The present author, however, cannot fail to note a number of shortcomings which would, if not adequately and promptly remedied, impose constraints on the effectiveness of our promised knowledge. For one thing the picture is very much fragmented and will stay so for some time should the same pattern of sporadic uncoordinated small scale studies remain to dominate the stage. A number of such miniature studies would certainly gain more weight in the history of cannabis research if they were considered as explorations to be followed by a well-planned attack on a rather broad aspect of the problem as displayed by a reasonably big and well selected sample of users. Another point is that most of the work reported to date fails to systematically account for individual differences (apart from the current differentiation between naive and experienced subjects) in their interaction with cannabis effects. We know nothing about how personality traits such as extraversion-introversion, suggestibility, level of aspiration and rigidity would interact with the drug. Finding the right formula for the description of this interaction would in all probability lessen the amount of confusion we are now met with in a number of reports. A third point is that a number of investigators who choose to depend on verbal reports to ascertain some drug effects, or disclose some personal data in the history of users, do not report anything about the standardization or reliability of their verbal tools (interviews or questionnaires). In fact one gets the impression that these procedures were never contemplated. To provide grounds for comparability of responses, and give the reader a rough estimate of error implied in judgements based on these responses, such procedures as standardization and establishing the reliability of the tool cannot be dispensed with.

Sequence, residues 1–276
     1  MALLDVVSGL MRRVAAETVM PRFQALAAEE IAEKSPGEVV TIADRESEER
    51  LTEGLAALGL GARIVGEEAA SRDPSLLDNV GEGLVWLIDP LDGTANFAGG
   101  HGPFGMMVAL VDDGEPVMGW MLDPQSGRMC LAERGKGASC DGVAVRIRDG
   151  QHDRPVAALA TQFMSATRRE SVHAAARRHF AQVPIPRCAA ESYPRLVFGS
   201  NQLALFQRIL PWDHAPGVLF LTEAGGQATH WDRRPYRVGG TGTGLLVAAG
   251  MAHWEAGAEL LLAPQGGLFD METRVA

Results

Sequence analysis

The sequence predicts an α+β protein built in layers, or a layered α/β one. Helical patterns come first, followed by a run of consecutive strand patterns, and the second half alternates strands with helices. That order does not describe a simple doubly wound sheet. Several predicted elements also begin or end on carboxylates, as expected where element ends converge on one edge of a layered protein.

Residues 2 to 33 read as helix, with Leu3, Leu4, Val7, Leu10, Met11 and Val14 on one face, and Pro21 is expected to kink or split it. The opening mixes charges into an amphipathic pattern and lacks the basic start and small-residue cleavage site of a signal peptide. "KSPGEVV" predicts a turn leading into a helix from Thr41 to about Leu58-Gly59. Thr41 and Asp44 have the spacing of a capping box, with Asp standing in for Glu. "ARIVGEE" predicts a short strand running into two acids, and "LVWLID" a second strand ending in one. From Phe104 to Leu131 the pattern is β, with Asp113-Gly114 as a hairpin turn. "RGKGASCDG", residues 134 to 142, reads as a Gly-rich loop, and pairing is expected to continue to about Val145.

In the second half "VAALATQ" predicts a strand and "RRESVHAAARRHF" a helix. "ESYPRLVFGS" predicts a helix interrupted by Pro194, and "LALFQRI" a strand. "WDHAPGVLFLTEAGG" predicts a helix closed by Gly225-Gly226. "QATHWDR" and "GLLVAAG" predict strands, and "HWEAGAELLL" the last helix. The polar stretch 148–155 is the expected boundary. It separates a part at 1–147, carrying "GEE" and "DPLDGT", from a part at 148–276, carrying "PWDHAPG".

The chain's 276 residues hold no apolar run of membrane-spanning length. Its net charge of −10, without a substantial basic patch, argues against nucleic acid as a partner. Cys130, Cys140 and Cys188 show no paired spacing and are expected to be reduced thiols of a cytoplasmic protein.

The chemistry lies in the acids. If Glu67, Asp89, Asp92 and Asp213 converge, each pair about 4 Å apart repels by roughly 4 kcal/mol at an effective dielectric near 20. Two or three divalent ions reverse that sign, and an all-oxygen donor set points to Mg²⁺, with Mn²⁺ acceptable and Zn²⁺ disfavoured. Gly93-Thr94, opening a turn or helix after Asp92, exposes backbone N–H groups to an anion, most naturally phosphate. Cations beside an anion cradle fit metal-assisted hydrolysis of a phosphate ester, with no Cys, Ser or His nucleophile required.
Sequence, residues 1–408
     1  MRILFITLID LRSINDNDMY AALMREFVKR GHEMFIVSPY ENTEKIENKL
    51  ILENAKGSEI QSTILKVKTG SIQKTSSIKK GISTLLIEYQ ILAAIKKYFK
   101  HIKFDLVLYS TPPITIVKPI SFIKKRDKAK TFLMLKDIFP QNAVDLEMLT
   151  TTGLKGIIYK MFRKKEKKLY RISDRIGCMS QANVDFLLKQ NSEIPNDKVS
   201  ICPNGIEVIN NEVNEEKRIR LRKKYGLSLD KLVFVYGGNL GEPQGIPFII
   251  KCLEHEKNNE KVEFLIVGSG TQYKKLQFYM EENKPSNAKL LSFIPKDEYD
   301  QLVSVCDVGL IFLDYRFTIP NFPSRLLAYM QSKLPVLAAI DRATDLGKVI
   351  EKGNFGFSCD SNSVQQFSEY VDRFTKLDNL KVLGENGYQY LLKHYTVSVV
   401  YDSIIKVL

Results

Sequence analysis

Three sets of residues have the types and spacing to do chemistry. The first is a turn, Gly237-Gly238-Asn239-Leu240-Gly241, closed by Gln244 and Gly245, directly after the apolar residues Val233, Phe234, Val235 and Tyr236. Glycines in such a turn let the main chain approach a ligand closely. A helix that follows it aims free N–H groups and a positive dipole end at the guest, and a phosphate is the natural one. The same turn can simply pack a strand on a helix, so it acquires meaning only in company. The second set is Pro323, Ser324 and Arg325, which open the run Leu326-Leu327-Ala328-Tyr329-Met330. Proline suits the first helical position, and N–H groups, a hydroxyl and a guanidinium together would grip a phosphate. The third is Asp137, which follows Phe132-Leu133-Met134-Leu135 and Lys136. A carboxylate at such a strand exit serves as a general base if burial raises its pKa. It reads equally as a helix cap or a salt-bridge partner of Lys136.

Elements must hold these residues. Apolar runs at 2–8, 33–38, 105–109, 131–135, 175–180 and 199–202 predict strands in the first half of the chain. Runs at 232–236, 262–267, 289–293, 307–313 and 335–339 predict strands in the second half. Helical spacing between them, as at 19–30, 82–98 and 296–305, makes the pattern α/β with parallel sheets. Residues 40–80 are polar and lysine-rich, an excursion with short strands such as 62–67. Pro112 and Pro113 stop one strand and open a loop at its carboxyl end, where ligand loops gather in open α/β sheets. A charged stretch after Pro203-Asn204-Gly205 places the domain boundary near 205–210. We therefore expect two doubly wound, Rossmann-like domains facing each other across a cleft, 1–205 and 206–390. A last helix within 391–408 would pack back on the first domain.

Field and laboratory investigations are both highly needed, especially as we are dealing with an area of research that has direct bearing on application. For in spite of the relative elegance of a laboratory experiment, where the student keeps under control the variables he thinks relevant, field work seems to be the only path to the provision of answers to certain questions which form an essential part of the raison d'être of most of the recent enthusiasm for cannabis research. Examples for such questions are: how cannabis users are initiated into the habit; why do some candidates carry on with the practise while some do not; do cannabis users tend to be single or multiple drug users, and what sort of chronic effects they develop.

A useful analogy may be to liken research to warfare against the spirit of mystery and myth. To excel at such warfare scientists should acquire skill in matters pertaining both to the strategy and tactics of scientific research.

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By Ph.D. M. I SOUEIF, Professor of Psychology, Cairo University, Cairo, Arab Republic of Egypt
The social psychology of cannabis consumption: myth, mystery and fact
Professor of Psychology, Cairo University, Cairo, Arab Republic of Egypt